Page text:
Incidentally, the minister refuses to provide all the details of her reform, but is asking us to vote for Bill C-38, which will give her the authority to change the employment insurance plan as she wishes. She is in fact asking us to sign a blank cheque.

We do not have all the details of this reform. However, on May 24, the minister tried to clarify the government's intentions in part, although without disclosing all the details. Essentially, unemployed workers are now more than ever being compelled to find a job outside their area of activity and their area of residence.

We also know that the government will establish three classes of workers based on the frequency with which they file employment insurance claims. After receiving benefits for a certain period of time, unemployed workers will be required to accept lower-paying jobs or else their benefits will be reduced. Frequent claimants, who have filed three or more claims and received more than 60 weeks of benefits in the past five years, will, after a period of time, be required to accept jobs at 70% of their previous earnings. We find those changes unacceptable for a number of reasons.

The main problem with this reform is that it disregards the fact that many businesses operate on a seasonal cycle, particularly those in the tourism, agri-food, forest and other sectors. Seasonal industry makes a major contribution to economic activity. What would Lac-Saint-Jean be without forestry? Where would eastern Quebec be without the fisheries? What would Quebec City and a number of Quebec communities be without the economic contribution of tourists? These industries and the workers who support them contribute to the economic growth of Quebec and the rest of Canada. It is essential that the federal government acknowledge through its programs that these sectors are important and legitimate.

For lack of adequate coverage by the employment insurance program, many workers are abandoning these sectors of activity, leaving business people without skilled workers. For example, Le Quai des Bulles, a Kamouraska business employing a dozen seasonal workers, is afraid it will lose workers as a result of the reform. It is important to understand that 26% of employment insurance claims are filed by seasonal workers, and 30% of those are Quebeckers.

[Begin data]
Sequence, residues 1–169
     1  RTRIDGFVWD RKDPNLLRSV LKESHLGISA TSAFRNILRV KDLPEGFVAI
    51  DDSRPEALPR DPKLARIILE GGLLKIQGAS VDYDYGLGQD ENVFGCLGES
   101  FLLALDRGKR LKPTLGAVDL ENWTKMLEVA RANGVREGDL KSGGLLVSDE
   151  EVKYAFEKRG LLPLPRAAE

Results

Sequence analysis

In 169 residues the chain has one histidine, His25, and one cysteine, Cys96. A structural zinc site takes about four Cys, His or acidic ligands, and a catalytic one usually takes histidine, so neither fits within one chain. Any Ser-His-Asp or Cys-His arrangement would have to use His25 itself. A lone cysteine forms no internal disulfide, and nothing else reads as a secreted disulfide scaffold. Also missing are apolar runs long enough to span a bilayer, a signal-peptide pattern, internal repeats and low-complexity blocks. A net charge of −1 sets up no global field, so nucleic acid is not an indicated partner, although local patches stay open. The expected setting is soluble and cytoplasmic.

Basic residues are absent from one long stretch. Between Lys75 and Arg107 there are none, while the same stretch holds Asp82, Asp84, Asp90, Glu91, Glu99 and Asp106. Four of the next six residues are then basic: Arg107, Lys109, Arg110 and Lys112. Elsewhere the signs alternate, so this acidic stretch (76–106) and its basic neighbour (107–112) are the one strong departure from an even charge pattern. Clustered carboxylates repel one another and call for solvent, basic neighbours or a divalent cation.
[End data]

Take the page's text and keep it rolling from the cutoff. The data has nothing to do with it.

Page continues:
I will be pleased to continue my speech after question period.

Opposition Motion—Employment Insurance
Business of Supply
Government Orders

1:55 p.m.

Conservative

Barry Devolin Haliburton—Kawartha Lakes—Brock, ON

The time provided for the business of supply has expired. We will now move on to statements by members.

King George Public Community School
Statements By Members

2 p.m.

Conservative

Kelly Block Saskatoon—Rosetown—Biggar, SK

Mr. Speaker, this year, King George Public Community School is celebrating its 100th anniversary. The staff and students, together with the community, are kicking off their celebrations with an event at the school this Friday.

King George School was started in 1911 due to a demand for schools for children of new immigrants coming to Canada. Throughout its history, King George School has educated several notable individuals, including Gordie Howe and Art Jones.

An integral part of the school's vision has been to build strong and lasting relationships and is the foundation of its legacy and resilience over time.

Mr. Speaker, I invite you, together with all of my colleagues, to join me in congratulating King George Public Community School on its 100th anniversary.

Regional Development
Statements By Members

2 p.m.

NDP

Mylène Freeman Argenteuil—Papineau—Mirabel, QC